Alive and Well
It’s midnight when you get the call to assemble your team and get to work. Someone’s life is on the line, and, unlike an emergency room doctor or EMT, you don’t even know where your person is. Someone – the reporting party, or RP – has reported a friend or family member missing, and all you have to go on is the place last seen (or PLS), a map, and the talent and experience of your team.
Time is of the Essence
Every minute counts, and often the clock has started ticking well before the rescuers ever know there’s trouble. According to Robert, a veteran of over 400 searches, a benign situation, such as a well-traveled hiking trail on a warm afternoon, can become life-threatening very quickly, given an injury, disorientation, dehydration, darkness, or an unexpected storm.
Rescue teams generally start with a profile of the person or people they’re looking for, and follow established patterns of behavior to find them. Critical points are, What were they wearing? Are they familiar with the area? Do they have wilderness or survival training of any kind? “The answers point us in the right direction,” said Paul, a team captain in the Sierra Wilderness. “Someone who is trained might build a shelter, forage for food, or try to build a fire. Someone who’s not will seek natural shelter in caves, and more often than not end up in a mountain lion’s den or an old mine shaft.”
In addition, SAR captains use nationally published guidelines on specific behaviors they can expect. “Sixty percent of hunters follow water. Berry pickers go uphill, and children under three don’t understand the concept of being lost: believing Mama is the one who’s lost, they start looking for her,” Paul explained.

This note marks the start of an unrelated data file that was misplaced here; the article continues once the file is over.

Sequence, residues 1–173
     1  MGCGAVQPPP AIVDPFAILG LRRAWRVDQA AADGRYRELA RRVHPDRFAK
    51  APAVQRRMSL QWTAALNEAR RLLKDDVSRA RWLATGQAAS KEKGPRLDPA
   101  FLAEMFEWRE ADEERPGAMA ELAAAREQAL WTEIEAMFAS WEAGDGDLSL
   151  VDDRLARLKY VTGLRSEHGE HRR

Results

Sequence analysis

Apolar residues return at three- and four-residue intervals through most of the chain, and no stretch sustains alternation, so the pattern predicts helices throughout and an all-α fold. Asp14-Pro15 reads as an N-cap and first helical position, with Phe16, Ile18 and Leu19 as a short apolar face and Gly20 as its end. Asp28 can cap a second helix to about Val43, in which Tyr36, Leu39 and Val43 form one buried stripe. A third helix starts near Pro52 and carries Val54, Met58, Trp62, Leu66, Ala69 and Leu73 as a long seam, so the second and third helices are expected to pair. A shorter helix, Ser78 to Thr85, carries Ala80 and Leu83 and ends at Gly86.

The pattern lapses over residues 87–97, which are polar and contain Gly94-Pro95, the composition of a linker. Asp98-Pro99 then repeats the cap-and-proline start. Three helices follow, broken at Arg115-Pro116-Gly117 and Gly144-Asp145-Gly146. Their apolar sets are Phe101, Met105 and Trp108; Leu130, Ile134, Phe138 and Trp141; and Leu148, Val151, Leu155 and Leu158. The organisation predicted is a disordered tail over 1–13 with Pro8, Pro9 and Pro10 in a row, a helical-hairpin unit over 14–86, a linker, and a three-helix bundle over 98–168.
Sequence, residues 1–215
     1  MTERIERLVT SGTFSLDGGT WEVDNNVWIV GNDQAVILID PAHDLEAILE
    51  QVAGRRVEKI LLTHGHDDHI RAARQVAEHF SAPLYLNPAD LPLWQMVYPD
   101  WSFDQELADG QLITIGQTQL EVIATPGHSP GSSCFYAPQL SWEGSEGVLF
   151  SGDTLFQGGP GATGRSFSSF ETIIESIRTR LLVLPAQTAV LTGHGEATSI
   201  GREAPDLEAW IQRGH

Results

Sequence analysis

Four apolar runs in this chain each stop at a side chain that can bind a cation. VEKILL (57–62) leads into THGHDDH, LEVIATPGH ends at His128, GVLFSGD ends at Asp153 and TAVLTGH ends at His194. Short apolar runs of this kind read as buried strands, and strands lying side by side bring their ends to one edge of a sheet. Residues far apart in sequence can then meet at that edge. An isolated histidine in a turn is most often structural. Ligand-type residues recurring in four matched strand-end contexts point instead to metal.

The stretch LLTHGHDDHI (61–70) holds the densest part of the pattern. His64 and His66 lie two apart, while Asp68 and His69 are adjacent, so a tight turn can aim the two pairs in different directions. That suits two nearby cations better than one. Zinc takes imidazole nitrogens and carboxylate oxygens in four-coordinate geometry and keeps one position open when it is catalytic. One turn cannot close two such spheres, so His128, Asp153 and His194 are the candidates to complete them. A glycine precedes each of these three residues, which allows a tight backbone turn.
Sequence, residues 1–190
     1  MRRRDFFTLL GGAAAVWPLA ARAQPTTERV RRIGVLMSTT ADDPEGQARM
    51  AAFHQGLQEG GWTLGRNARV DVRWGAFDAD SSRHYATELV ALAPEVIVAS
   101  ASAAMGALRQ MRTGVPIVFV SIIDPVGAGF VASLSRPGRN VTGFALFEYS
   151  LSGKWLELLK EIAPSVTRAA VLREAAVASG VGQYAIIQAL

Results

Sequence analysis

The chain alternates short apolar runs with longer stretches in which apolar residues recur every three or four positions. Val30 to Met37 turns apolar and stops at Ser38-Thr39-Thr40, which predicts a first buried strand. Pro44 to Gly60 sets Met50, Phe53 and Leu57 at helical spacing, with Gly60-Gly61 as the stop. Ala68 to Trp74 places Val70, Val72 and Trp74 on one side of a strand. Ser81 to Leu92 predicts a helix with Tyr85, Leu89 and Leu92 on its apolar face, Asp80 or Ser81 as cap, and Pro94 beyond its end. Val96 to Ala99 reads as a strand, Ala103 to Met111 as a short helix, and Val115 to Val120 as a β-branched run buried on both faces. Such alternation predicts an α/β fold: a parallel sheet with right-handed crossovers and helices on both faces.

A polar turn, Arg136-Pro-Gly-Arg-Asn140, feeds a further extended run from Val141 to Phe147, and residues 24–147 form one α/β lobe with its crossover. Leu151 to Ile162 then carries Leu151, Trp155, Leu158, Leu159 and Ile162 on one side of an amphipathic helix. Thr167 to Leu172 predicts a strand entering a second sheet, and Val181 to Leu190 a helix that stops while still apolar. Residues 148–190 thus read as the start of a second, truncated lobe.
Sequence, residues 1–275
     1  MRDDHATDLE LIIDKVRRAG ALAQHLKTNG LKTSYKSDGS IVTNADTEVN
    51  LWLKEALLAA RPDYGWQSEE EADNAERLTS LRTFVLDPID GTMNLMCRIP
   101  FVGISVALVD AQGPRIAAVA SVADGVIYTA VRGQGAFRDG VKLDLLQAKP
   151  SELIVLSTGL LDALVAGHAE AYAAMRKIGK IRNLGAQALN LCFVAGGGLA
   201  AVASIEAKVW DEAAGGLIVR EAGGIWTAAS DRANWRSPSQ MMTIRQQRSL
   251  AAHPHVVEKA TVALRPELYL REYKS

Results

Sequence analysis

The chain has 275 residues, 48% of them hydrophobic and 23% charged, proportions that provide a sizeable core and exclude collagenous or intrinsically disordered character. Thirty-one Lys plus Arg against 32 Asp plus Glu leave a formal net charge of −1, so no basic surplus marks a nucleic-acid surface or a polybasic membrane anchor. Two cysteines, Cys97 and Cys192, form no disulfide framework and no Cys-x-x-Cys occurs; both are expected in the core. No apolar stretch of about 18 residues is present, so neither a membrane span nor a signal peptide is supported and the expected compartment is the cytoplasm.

Davis, SAR captain for the U.S. Coast Guard, is primarily responsible for water search and rescue operations, which are completely different from mountain and wilderness efforts. “The main problem we have, aside from weather, is the area we have to cover, and mapping a grid of open water so we can make sure we’ve covered it all. You’d be amazed how easy it is to miss a small boat or a person in the water behind a large swell. High winds can make helicopter rescues very difficult, but sometimes there’s just no time to get a boat out to them.”
A search and rescue captain not only feels responsible for finding the lost party, but also for keeping his or her own team safe. “You’re dealing with conditions that have already gotten someone lost, hurt, or worse. So your job is to send your teams out equipped with gear, provisions, and training not to get themselves into the same situation,” said Robert.
Many SAR “professionals” are actually volunteers who devote perhaps 15 hours a week to the search and rescue “job.” High levels of burnout are often attributed to something called “critical incident stress,” a syndrome somewhat akin to post-traumatic stress disorder, known primarily among emergency workers.
The Good News
Believe it or not, statistically 98 percent of lost people are found alive and uninjured, although they’re usually “cold, hungry, and really glad to see us,” said Paul. That’s good news for all amateur hikers. And the satisfaction of returning a lost person to his or her loved ones is unparalleled, paid or not.
So if you want to get called out in the middle of the night, with the possible reward of saving someone’s life, buy yourself some hiking boots and a powerful headlamp…and dream on!
For More Information
To learn more about search and rescue professionals, consult the National Association for Search and Rescue at http://www.nasar.org.